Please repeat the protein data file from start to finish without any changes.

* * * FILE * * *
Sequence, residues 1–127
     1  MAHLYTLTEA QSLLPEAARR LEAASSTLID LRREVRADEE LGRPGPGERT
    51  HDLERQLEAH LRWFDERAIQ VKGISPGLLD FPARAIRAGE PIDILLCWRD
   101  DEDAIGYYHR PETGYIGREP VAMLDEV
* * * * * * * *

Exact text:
Sequence, residues 1–127
     1  MAHLYTLTEA QSLLPEAARR LEAASSTLID LRREVRADEE LGRPGPGERT
    51  HDLERQLEAH LRWFDERAIQ VKGISPGLLD FPARAIRAGE PIDILLCWRD
   101  DEDAIGYYHR PETGYIGREP VAMLDEV